skip to main content

USMC officials see potential of EABO in the Arctic during ‘Cold Response 2022'

The Italian aircraft carrier Giuseppe Garibaldi participated in ‘Cold Response 2022‘. (Michael Fabey)

US Marine Corps (USMC) officials say they saw evidence in March during the exercise ‘Cold Response 2022' in Norway that the USMC Expeditionary Advanced Base Operations (EABO) concept can work in Arctic regions.

“Clearly, we are learning about being expeditionary – away from North Carolina or South Carolina, or away from your own base,” US Marine Corps General David Berger, USMC commandant, told reporters at a press conference during the exercise.

Speaking during the press conference at the Norwegian Bardufoss Air Station on 23 March, Gen Berger said marines were learning the basics of what they need to set up EABO in such regions during the exercise.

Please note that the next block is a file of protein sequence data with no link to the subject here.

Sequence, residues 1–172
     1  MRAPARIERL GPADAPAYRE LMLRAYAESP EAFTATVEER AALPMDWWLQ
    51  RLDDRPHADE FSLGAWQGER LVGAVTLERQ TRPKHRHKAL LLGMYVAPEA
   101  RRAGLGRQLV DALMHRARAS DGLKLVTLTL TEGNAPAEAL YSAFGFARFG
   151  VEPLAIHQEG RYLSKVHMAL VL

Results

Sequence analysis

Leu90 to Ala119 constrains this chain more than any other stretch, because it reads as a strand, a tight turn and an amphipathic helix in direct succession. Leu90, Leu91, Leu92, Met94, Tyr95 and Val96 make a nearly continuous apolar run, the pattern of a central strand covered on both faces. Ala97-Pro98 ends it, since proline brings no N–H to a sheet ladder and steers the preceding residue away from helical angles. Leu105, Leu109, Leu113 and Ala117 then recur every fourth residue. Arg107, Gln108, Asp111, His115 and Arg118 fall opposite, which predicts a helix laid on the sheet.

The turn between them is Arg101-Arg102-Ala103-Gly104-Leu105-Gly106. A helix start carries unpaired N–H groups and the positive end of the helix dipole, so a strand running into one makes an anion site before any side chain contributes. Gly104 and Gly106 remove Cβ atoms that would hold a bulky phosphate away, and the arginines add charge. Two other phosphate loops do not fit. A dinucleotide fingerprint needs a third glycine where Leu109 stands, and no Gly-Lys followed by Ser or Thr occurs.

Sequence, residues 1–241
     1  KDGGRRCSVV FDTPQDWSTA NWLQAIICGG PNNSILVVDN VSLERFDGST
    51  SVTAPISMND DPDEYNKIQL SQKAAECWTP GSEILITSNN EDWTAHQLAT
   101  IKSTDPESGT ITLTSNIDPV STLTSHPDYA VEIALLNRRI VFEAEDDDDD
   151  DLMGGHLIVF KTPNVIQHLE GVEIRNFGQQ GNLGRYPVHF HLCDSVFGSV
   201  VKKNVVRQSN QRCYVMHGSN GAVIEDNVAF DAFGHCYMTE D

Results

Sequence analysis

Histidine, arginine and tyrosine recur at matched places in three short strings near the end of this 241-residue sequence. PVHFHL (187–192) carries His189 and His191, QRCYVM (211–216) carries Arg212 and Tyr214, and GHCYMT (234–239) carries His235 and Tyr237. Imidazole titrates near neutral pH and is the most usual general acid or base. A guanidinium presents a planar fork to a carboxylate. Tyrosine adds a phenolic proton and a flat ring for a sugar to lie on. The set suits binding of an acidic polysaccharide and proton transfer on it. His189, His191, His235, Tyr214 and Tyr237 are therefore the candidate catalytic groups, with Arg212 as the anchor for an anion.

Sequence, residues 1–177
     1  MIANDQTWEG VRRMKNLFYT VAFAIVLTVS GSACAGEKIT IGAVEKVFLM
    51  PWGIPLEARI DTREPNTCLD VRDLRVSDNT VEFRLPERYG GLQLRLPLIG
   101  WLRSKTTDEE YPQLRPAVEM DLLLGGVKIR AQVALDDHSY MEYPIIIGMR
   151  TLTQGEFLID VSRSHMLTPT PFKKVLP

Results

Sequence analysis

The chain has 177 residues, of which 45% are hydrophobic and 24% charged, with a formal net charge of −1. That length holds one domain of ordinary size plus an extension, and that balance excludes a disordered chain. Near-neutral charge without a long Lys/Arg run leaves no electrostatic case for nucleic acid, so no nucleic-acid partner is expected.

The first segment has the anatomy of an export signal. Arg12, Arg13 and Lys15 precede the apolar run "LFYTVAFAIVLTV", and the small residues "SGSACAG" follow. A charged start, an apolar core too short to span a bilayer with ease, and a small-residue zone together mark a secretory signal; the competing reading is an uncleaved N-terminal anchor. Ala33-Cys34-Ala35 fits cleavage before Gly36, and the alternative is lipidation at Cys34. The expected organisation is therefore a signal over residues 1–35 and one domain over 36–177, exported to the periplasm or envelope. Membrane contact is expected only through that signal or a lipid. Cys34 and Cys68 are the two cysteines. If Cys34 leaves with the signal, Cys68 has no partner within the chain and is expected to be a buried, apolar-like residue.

Hosted by the Norwegian military, ‘Cold Response 2022' combines the forces of NATO allies and partner countries, with 27 countries, about 30,000 troops, 20 aircraft, and more than 50 vessels taking part in the exercise.

Berger noted the exercise forced marines to rethink and question some of their amphibious planning training. “What can you bring with you? How do [you] move all the equipment and people to another location? How do you operate along logistic lines? All of this is really relevant. In Norway, the terrain – the littoral terrain – is ideally suited for what we train for, what we have to learn.”

He added the “fjordal system” of Norway was a “great place” for marines to learn, experiment, and train as forces moved between land and sea. “All of this is relevant around the world,” the commandant said.

That is an important point to make for EABO operations, whose development has been linked, at least publicly, mostly to the Western Pacific.

Looking to read the full article?

Gain unlimited access to Janes news and more...